- Watching Christmas movies – They have been greatly influenced by western culture. The movies are popular movies we all know and love, but have Korean subtitles. Hey, I can’t blame them—I love Christmas movies myself. 🙂
- Decorating Christmas Trees – Because of the influence western culture, many homes will have a Christmas tree. The ones who do put up a tree decorate it with lights and ornaments much like in the states.
- Christmas Dinner – Koreans have lavish Christmas dinners. This is a good time to get together with family and friends. Sounds a lot like America doesn’t it? However, they serve much different dishes! Some of their dishes include rice cake soup, sweet potato noodles, BBQ Beef (bulgogi – which my husband loves) and spicy pickled cabbage (kimchi).
- Church Services – Christian church services are often conducted on Christmas Eve and Christmas Day! I wish churches back here had Christmas Day services! How wonderful!!!
- Christmas Caroling – People of all ages enjoy participating in this. They usually begin at the church and head out to visit older members of the congregation.
- Exchanging Christmas Cards – Much are way simpler than American Christmas cards but nonetheless this is a growing tradition amongst the Koreans and they seem to really enjoy participating in.
There are lesser known differences between the Korean and American customs during Christmas. I had already mentioned that Santa Claus was referred to as Santa Grandfather. Instead of saying “Merry Christmas,” most Koreans say “Happy Christmas.” I managed to snap a few pictures of some decorations from Lottemart that showcase this! I thought it was beautiful and, honestly, I was just glad they were not politically correct and didn’t say “Happy Holidays!”
Learning more about cultures and how they celebrate helps us all to reach out to those of other ethnicity. While Koreans now are embracing many of the customs and traditions that the United States and England have, it is still good to be culturally respectful. For example, showing up for a Korean Christmas celebration with many gifts could be offensive. Korean celebrations include cultural awareness and Asian modesty standards.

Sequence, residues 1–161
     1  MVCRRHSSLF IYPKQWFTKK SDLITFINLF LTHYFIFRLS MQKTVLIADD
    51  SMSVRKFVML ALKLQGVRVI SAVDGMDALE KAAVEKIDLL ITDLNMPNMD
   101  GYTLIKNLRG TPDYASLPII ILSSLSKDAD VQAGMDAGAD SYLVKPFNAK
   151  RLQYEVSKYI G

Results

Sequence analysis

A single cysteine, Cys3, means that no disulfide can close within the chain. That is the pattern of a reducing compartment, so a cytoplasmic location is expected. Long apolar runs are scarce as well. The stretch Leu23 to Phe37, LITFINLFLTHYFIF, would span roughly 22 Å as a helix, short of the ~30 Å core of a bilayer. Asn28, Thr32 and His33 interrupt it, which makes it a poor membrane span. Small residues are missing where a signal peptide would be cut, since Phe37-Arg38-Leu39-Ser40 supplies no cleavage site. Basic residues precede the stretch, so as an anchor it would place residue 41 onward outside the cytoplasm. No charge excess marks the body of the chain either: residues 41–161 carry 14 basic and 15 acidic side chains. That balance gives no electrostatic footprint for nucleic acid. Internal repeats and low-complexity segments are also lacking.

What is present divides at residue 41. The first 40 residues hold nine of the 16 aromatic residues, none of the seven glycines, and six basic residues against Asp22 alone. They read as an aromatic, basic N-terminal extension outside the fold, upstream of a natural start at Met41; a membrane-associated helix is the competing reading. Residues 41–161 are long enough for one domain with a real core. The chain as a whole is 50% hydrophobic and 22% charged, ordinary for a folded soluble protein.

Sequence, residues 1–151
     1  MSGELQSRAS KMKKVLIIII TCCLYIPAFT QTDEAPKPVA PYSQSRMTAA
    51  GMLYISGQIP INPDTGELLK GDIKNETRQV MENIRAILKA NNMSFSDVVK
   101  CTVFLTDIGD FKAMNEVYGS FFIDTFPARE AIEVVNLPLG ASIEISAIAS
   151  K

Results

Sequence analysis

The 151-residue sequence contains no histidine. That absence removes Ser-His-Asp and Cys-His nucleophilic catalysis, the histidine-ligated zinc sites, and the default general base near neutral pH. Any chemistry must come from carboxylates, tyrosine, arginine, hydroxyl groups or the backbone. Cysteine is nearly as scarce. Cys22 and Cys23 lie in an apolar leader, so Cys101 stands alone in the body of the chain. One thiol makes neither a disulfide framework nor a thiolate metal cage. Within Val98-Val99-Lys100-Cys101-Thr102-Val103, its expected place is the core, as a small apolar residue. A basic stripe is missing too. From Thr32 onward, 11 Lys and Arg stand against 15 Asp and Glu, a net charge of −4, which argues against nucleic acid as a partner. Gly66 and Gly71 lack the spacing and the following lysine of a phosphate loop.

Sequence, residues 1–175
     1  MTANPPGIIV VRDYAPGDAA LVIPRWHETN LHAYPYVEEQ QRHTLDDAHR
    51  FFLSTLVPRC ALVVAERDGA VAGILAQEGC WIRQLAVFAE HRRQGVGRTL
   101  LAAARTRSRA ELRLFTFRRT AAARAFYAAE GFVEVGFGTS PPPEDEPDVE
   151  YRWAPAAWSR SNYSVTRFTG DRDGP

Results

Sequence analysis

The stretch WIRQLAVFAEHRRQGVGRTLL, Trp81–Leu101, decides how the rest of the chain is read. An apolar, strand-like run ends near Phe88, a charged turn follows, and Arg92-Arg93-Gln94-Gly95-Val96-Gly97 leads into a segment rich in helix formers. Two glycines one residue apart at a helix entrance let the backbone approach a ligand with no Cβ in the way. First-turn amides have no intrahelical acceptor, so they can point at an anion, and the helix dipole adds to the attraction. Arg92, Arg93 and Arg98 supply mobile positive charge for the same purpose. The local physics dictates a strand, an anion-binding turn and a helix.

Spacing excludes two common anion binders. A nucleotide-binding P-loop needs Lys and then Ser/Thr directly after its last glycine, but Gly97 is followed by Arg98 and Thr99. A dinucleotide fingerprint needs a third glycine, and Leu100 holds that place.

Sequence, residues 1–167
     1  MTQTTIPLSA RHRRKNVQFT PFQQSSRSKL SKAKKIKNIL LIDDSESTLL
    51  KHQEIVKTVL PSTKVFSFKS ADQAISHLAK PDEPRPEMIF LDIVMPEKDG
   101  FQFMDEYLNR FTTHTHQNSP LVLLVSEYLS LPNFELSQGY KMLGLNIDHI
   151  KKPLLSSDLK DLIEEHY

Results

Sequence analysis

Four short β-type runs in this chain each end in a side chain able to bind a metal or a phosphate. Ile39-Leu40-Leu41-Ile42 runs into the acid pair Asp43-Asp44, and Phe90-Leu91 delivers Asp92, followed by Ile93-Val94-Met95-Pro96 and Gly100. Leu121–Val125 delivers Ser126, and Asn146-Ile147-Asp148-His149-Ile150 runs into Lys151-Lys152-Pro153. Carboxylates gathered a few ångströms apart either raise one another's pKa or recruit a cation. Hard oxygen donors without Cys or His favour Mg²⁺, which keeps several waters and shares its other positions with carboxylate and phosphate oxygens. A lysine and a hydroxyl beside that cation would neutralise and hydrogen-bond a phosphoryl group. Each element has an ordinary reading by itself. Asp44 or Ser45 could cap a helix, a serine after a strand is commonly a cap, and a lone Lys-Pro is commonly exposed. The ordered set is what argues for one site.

Here is an article written by a journalist from the states who has lived in South Korea since 1990. He wrote about the changes in how South Koreans have began to celebrate the birth of our savior.
Take a listen to Christmas Carols sang in Korean!
Here are some random pictures taken in South Korea:
Hubby sent this to me. Santa sighting in Korea. 🙂
My friend Jennifer’s daughter and her friends. They are stationed in Korea too, just a different area then my hubby.
My hubby’s Christmas tree that he and I decorated when I was visiting.
My friend Jennifer’s Christmas tree.
This Santa was on top of the Fire Station at Yongsan, South Korea.
There is not much to say about Christmas in North Korea because it is virtually non-existent. It is not technically illegal to be a Christian in North Korea, but it is. I should say that being a Christian is “allowed” but at the risk of being killed or going to prison. There are folks who have went to prison just for owning a Bible and sharing God’s Word. So any worship including Christmas celebrations will have to be done in private. We all need to lift up the Christians in North Korea as they risk their lives daily for their faith.
I hope this taught you a little about Korean Christmas!